Eutsey taking aim at records, greatness

Blessed with electric talent and a radiant smile, Miami Southridge sprinter Ebony Eutsey has set her sights on the records of two iconic Florida high school stars.

Given Eutsey’s accomplishments in two seasons, it seems more a question of when - not if - the junior will wipe away the Florida High School Athletic Association state meet records of Sanya Richards and Erica Whipple in the 400- and 200-meter dashes.

“I hope to run better than what I did last year,” Eutsey said with a quiet confidence. “I hope to drop my 400 time … to the low 52s and go 22.9 (in the 200).”

Those numbers would stop the most avid high school track & field enthusiast in hers or his tracks. Eutsey, however, has already done that with what she has accomplished in two seasons for the 4A state champion Spartans. In May, she paired her first 200-meter state title (23.79) with her second consecutive 400 crown (53.85) in the finals at Winter Park’s Showalter Field on her 16th birthday.

“It was wonderful winning both,” said Eutsey, who won the 400 as a freshman but settled for second in the 200.

As sweet as the double was, Eutsey capped her 2008 season a month later by grabbing the nation’s No. 1 ranking in the 400, when she laid down the fastest lap (53.23) in winning the Golden West Invitational in California. Miami Washington’s Lannie Whitaker was second (53.43).

At 5-foot-7, Eutsey gobbles up ground with a smooth stride and an unmatched motor, that is evident on a daily basis at practice. Driven to succeed on the track and in the classroom, where she said she is carrying a 3.2 gpa while taking some honors courses.

First-year Southridge coach Dja Dugue, who is replacing legendary fixture and inspirational coach Sam Burley, marvels at her pupil.

“Ebony is so dedicated to defending her championship titles in both the 200m and 400m that she is working on and off the track mentally and physically to accomplish her goals we discussed during pre-season training,” Dugue said. “We talk about her times all the time and the potential she has to drop a second in the 400m and tenths of seconds in the 200m. That’s one of the reasons she also ran cross country, to get a good foundation and develop her endurance .”

Eutsey’s great range as a runner also shines through in the fall cross country season - still largely unique among 200/400 sprinters - where she has a very respectable, personal-best of 20:20.

Despite that range, Eutsey has no desire to follow the path of Jamaican gold medalist Usain Bolt. Bolt began his career as a 200/400 specialist but set a world record in the 100 at the Beijing Games. Likewise, she would just as well leave the 800 duties to her Southridge teammate Marcia Williams.

Her focus this season is breaking the state meet records held by Richards (52.51) and Whipple (23.36), which would naturally elevate her national stature.

“We don’t discuss breaking their records specifically, but we have discussed running beyond those times this season,” Dugue said. “I always stress to her constant improvement and development of her craft each season. Nonetheless, I also try to ease the stress by reminding her she has one more year. I believe that helps her stay humble and grounded. However, she is self motivated to be the best at what she does and that internal drive, I believe, will enable her to break both records this year and establish others in the process.”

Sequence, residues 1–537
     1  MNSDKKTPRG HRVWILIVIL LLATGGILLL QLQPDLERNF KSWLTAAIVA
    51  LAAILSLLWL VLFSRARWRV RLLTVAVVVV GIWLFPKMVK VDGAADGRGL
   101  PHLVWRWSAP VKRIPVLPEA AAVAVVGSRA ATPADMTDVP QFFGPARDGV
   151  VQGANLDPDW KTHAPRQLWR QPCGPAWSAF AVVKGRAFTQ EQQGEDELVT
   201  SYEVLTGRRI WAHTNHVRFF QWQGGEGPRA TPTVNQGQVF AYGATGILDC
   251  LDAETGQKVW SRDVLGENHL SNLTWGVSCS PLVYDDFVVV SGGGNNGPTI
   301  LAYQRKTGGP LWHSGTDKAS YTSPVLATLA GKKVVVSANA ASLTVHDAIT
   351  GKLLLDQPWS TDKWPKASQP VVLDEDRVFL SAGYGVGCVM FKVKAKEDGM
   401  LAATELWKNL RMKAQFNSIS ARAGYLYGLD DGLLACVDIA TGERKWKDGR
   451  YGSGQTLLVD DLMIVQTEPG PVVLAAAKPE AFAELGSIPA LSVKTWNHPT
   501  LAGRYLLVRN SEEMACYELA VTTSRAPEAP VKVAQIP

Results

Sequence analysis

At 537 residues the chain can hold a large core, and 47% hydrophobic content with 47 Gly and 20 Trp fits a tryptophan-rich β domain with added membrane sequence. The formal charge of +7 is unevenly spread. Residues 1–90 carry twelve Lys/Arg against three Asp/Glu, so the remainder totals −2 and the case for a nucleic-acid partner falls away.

Though they’ve never met, Eutsey look up to Richards, the former St. Thomas Aquinas High School star, and her fellow 2008 Olympic teammate Allyson Felix. It’s probably more than coincidence that they currently hold the U.S. national high school records in the 400 (50.69) and 200 (22.52), respectively.

Ultimately, it may be Richards who is looking up at Eutsey in the record books. In terms of progression, the Southridge standout has posted faster 400 times in her freshman and sophomore seasons than Richards did in her sophomore and junior campaigns.

Dugue is awed by Eutsey’s talent, but even more impressed by her work ethic.

“While conditioning, she is determined to lead the pack from stretches to drills and you can definitely find Ebony leading in workouts, regardless of the distance,” Dugue said.

Eutsey doesn’t believe in shortcuts to success, which goes back to her days as a beginning runner in third grade. In addition to laying the base work for her 2009 season, she has focused on “running tall” and getting out of the blocks; which could be the difference in the tenths and hundredths that separate her from the current state marks.

While Eutsey seems to enjoy all phases of training and teamwork, Dugue said she frets a bit about guiding the precocious talent in her first season as the Spartans coach.

“Ebony’s talent level is humbling, exciting and challenging at the same time,” Dugue said. “It’s humbling because I have the privilege to coach her as she progresses through her high school career; and helping her find a university that best suits her educationally and athletically is a honor.

“When she ran 52.6 I was amazed, but what amazed me even more was her response. She called and told me, ‘Coach I ran 52.6.’ Then I always ask her, ‘Well how do you feel and how did it feel.’ Ebony responded, ‘It felt like a 56.’ All I can do is smile.”

Dugue takes her responsibility seriously in all phases, not only Eutsey’s development as a potential world class sprinter, but also the oversight of Spartans successful program.

“I am enjoying every minute of it while she is here at Southridge and look forward to following her in years to come,” Dugue said.

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